Jumpstarting the day at a local Starbucks or Peet’s Coffee often comes with more than a kick of caffeine for Jon Walton. Whenever people realize he’s the chief information officer of San Mateo County, one of the most tech-savvy places in the U.S., they unabashedly bend Walton’s ear about startups or investments they believe could benefit their hometowns. Sometimes it’s just small talk about car racing.
Most morning earfuls provoke a friendly head nod or handshake from Walton, who runs IT across the bustling peninsula between San Francisco and Silicon Valley. His organization is responsible for all countywide core IT services for public safety, healthcare, public works and traditional government applications.
Occasionally he’s given the kind of advice a CIO might otherwise pay hundreds of thousands of dollars for from big-name consulting firms.
“Local residents teach me a lot about where big investments are being made and what new technologies are gaining traction or dying off,” Walton said.
A Fortuitous Tip
A cafe visit in 2014 led Walton to a then-nascent technology called hyperconverged infrastructure (HCI) from Nutanix.
“Meeting Steve Kaplan in downtown Redwood City spurred a conversation about the future of combined computer and storage technologies,” he said, referring to the vice president of customer success finance at Nutanix. “It was timely, given the need of the county to upgrade an entire data center of obsolete technology.”
That piece of advice spurred Walton and his team to explore this emerging trend and gained the county a simplified, cost-effective way to scale his aging storage and server infrastructure.
Before we moved to HCI, it seemed like most of our time was spent on trying to stay ahead of compute demand.
Jon Walton, CIO, San Mateo County
That was a coup for the county, in part because--unlike the private sector--governments typically don’t have budget for a regular technology refresh, Walton explained. But by embarking on HCI, he was able to gain control over a patchwork of both old and new technologies that run services critical to San Mateo County.
HCI integrates compute, storage, virtualization, networking and security services inside a common, commodity-hardware-based appliance. That makes infrastructure quicker and simpler to manage, deploy, scale and support.
By using HCI, “Things like HR and payroll that used to take three to four years to set up now can be done in a fraction of the time and cost of what it used to,” Walton told Joint Venture, a nonprofit Silicon Valley leadership group.
Hitting the Local Hotspots
The affable Walton is a man about town. Between important meetings, he organizes ad-hoc meetups at local coffeehouses and restaurants like Buck’s, the legendary Woodside hotspot for Silicon Valley entrepreneurs. Early funding deals over meals at Buck’s led companies like Netscape and PayPal to become household names, and that’s where he met for this interview.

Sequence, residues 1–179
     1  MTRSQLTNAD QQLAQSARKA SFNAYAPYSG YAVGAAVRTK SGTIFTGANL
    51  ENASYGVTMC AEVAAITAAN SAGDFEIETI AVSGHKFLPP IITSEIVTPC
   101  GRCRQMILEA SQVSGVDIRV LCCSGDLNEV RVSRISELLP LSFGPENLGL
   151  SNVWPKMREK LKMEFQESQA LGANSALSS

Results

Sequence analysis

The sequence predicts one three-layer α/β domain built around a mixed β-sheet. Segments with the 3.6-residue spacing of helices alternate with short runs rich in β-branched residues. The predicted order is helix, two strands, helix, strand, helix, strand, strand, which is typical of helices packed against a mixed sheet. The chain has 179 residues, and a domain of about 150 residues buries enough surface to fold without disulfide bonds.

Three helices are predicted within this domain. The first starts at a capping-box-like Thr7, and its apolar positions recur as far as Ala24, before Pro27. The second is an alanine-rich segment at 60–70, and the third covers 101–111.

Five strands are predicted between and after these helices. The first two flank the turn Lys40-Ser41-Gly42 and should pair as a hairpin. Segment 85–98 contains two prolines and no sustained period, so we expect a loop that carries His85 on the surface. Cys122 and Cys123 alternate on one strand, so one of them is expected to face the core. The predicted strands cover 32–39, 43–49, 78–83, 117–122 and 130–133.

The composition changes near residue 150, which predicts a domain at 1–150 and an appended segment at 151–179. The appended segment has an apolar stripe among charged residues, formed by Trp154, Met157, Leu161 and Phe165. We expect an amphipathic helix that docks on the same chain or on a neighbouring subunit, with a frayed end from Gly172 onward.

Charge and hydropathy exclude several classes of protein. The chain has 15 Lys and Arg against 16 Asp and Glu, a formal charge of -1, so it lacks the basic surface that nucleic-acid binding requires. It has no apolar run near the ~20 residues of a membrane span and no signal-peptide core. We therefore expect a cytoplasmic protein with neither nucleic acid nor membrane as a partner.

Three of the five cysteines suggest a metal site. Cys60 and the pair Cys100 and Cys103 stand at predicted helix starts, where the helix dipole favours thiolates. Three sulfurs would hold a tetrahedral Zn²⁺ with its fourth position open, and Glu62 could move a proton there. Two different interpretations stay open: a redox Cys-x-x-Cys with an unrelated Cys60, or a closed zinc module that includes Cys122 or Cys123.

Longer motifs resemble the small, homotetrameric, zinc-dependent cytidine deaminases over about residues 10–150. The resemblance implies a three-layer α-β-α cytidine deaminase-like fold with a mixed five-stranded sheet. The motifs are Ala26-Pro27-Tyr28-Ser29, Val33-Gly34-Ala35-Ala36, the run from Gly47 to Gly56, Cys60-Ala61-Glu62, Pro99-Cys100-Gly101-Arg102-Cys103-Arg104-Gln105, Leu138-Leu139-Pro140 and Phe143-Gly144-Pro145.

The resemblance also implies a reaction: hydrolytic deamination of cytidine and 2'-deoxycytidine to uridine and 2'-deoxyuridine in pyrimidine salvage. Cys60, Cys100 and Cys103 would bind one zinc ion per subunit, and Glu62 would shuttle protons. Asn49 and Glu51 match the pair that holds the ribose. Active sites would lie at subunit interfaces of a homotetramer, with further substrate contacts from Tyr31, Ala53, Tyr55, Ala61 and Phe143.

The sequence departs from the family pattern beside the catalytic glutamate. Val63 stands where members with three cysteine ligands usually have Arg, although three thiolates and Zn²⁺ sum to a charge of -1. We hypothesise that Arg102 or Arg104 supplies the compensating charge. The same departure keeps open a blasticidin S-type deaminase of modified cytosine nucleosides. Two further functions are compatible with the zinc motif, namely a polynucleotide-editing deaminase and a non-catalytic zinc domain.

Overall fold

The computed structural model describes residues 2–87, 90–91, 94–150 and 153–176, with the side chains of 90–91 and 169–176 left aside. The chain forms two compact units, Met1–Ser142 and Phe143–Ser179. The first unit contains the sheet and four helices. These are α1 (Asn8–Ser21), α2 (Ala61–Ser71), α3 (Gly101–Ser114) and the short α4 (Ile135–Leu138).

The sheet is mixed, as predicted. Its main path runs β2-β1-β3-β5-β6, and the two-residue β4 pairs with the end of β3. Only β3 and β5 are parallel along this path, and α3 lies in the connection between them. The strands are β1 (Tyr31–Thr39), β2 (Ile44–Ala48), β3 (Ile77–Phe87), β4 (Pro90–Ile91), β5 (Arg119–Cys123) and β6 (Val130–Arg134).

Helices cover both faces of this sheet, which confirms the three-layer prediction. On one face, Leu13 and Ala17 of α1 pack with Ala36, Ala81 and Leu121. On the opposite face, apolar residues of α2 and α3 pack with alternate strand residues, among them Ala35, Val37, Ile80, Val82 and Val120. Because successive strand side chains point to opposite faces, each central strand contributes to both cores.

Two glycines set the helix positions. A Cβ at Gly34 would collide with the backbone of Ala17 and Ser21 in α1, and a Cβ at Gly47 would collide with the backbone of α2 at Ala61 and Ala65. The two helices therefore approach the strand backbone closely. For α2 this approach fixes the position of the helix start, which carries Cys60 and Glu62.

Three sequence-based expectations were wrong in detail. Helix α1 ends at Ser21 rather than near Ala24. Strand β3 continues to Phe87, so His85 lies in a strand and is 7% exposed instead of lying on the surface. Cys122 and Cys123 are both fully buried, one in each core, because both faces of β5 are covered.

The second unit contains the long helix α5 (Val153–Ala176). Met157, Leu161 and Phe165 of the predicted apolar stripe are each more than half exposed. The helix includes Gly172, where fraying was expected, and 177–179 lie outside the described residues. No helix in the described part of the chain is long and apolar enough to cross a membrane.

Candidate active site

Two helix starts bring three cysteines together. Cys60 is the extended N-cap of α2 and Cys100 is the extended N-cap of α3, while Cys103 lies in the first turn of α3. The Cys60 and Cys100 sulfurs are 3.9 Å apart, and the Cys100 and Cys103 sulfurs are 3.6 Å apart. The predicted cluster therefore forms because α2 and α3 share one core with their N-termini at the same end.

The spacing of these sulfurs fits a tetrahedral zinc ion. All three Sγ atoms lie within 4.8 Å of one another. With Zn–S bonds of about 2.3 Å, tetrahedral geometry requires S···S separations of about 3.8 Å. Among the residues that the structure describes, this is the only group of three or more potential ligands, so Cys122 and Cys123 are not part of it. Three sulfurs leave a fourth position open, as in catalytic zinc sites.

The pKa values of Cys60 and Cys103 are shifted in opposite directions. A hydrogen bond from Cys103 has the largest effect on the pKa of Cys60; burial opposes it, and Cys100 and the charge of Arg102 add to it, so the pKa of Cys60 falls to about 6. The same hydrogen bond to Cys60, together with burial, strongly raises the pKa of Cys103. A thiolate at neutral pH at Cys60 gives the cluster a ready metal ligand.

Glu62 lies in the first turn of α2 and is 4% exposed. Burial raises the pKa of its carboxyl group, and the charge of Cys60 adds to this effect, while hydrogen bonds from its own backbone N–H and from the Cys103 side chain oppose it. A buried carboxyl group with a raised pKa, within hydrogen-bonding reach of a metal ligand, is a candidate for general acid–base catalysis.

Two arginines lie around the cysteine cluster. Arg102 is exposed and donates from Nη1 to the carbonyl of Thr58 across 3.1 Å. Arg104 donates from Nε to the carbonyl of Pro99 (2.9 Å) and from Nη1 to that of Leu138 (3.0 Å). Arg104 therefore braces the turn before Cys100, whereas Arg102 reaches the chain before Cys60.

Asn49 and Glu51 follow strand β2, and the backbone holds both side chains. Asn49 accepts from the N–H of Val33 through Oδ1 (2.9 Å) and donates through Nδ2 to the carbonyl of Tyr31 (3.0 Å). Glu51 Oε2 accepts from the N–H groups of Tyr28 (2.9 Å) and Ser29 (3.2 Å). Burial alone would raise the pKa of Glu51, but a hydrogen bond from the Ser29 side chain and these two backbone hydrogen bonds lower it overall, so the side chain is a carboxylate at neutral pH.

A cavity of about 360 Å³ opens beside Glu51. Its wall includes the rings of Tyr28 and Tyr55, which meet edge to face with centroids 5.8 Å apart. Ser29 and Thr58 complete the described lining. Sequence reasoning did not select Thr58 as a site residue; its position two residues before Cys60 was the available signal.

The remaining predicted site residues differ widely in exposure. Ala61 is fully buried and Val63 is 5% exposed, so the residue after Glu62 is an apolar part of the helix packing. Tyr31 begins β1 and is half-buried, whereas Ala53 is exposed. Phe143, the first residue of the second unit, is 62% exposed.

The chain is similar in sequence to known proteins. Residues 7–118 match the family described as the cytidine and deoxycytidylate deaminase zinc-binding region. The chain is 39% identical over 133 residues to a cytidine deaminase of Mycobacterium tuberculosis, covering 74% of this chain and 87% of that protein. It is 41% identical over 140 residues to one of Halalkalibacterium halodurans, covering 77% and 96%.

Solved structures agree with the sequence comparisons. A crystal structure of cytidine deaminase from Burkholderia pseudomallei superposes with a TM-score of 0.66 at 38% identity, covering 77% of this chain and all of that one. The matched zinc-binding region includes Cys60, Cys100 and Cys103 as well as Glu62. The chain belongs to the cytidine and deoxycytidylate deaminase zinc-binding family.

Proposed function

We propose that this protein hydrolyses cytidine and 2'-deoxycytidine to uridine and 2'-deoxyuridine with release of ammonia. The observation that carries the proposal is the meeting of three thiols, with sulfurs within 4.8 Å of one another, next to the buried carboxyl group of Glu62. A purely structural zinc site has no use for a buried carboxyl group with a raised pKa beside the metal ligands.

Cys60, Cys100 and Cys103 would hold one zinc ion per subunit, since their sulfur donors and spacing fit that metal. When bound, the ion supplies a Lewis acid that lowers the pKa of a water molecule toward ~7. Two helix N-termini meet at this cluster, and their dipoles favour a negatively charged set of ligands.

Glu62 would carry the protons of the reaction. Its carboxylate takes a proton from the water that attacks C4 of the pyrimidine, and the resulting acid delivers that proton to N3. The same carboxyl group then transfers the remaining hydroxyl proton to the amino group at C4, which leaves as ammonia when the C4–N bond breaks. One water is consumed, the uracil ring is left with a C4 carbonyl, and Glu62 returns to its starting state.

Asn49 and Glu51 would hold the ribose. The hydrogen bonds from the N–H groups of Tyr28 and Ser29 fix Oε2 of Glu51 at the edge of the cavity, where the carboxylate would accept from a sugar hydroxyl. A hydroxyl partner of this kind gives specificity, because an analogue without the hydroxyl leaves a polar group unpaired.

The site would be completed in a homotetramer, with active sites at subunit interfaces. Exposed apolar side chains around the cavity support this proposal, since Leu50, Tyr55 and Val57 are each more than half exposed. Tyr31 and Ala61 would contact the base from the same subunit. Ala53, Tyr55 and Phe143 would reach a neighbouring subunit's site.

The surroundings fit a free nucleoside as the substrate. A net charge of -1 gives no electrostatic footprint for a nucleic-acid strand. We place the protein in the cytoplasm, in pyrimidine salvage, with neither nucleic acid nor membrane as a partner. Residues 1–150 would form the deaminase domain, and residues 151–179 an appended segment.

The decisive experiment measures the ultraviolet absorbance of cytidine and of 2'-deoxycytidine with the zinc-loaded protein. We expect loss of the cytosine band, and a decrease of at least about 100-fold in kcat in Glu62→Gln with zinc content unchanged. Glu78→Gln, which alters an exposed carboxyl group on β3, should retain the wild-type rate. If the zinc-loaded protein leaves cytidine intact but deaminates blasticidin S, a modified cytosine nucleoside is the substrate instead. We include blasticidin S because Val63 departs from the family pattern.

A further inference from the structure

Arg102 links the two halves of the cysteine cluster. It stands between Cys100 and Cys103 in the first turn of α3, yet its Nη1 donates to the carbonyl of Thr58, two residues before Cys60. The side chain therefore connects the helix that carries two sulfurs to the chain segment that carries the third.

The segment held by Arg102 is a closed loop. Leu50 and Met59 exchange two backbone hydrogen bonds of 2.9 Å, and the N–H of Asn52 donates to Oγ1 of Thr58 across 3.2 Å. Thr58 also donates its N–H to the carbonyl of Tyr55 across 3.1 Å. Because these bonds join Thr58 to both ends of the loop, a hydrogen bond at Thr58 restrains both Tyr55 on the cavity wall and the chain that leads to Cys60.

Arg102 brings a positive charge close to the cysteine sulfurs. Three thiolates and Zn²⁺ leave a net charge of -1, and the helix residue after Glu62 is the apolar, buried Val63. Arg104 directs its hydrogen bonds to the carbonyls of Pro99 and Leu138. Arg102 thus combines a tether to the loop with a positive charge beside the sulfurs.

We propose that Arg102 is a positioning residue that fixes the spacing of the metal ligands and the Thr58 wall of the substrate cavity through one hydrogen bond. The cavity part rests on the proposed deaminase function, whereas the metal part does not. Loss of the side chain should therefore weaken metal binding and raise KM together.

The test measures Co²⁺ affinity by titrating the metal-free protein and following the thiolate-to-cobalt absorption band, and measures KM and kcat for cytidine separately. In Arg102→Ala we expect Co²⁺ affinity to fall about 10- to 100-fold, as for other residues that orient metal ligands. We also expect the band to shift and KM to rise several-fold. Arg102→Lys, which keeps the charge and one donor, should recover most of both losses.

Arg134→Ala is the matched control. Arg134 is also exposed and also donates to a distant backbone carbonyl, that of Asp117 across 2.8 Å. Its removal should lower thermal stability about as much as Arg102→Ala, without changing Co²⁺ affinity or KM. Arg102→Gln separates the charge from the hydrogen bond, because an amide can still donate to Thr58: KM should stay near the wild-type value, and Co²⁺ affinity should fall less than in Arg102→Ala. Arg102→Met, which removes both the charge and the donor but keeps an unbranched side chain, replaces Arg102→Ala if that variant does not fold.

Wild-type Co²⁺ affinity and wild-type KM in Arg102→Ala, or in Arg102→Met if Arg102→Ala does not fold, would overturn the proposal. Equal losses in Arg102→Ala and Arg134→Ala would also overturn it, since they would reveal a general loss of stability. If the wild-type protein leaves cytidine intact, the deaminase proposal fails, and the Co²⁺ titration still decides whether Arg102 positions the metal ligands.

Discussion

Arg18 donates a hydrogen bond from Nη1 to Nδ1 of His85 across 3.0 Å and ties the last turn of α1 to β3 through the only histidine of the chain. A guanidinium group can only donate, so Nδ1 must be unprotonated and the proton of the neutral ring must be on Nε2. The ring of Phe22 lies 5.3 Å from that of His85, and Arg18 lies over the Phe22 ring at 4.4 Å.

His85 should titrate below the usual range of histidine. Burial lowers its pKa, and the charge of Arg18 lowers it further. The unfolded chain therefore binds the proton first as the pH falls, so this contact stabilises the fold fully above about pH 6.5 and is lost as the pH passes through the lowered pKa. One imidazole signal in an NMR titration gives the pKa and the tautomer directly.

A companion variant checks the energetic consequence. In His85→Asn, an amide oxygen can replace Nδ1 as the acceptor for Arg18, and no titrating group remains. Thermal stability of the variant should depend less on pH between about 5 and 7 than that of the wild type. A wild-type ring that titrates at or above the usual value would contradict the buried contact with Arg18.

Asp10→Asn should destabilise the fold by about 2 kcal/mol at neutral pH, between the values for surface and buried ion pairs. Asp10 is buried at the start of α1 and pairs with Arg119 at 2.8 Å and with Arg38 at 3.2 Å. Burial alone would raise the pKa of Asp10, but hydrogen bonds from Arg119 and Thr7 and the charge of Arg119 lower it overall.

Jon Walton at one of his favorite breakfast stops, Buck’s Restaurant in Woodside, Calif.
“I remember the first time I stopped by Buck’s for a breakfast burrito and unexpectedly got a lot of good advice on public WiFi technology from two retired tech executives I met while waiting for a table,” Walton said. “The burrito was great and the advice was even better.”
Walton and his team also drop by an old favorite café, Peter’s, in Millbrae or meet people at Alice’s Restaurant, immortalized by the Arlo Guthrie song of the same name, in the scenic mountains between the Bay and the Pacific Ocean. These places are frequented by C-suite and director-level execs from some of the biggest companies and venture capital firms in the world, owing to the fact that Facebook, YouTube, Oracle, NetSuite, Genentech, Visa and many other well-known companies are headquartered nearby.
“Some people I meet have 10 times more experience than me, including some who started and are still running multi-million-dollar companies,” said Walton. “They'll often say, ‘Hey, you should think about this or consider that.’ They’re so generous and really care about the community where they live and work.”
Some can become too advisory.
“They're not shy about telling me when they feel I’m doing something wrong, or not moving fast enough,” he acknowledged. “But all feedback is good feedback.”
The Making of a Modern CIO
San Mateo County spans 488 square miles. Home to nearly a million people, it includes 22 cities and towns, 25 school districts and three airports.It also includes beautiful seaside hamlets such as Pacifica, Pescadaro and Half Moon Bay, located along California’s scenic Pacific Coast Highway. Walton can be seen on any sunny weekend driving along the coast in his 1996 yellow BMW M3. Building and racing cars is a life-long passion. Walton said he put himself through college working as a mechanic.
Jon Walton races past Corkscrew, a dramatic set of turns that drop the equivalent of a 10-story building in a short distance at WeatherTech Raceway Laguna Seca in Monterey, Calif.
Since Walton became its CIO in 2013, San Mateo County has experienced an unprecedented boom. Many healthcare providers opened state-of-the-art hospitals. Dozens of new office buildings are altering the skyline. The county is rich in diversity and public services, but it’s also becoming one of the most expensive places to live in Northern California, forcing most of Walton’s employees to live in more affordable places.
Having my team living outside the county has helped us to think more broadly about how we can create data systems that work seamlessly across counties and the regions.
Jon Walton, CIO, San Mateo County
“Having my team living outside the county has helped us to think more broadly about how we can create data systems that work seamlessly across counties and the regions,” he said.
The son of an aerospace engineer and a nurse, Walton grew up riding motorcycles on military installations, playing with decommissioned IBMS PDP’s, reading Rick Ranger magazines and classics by John Steinbeck. Those inspired him to earn a degree in land use planning and management from Humboldt State University. He developed a knack for using computers to discover patterns in satellite imagery and a mind that can figure out complex systems. Along the way, he started a family and began fixing and racing cars.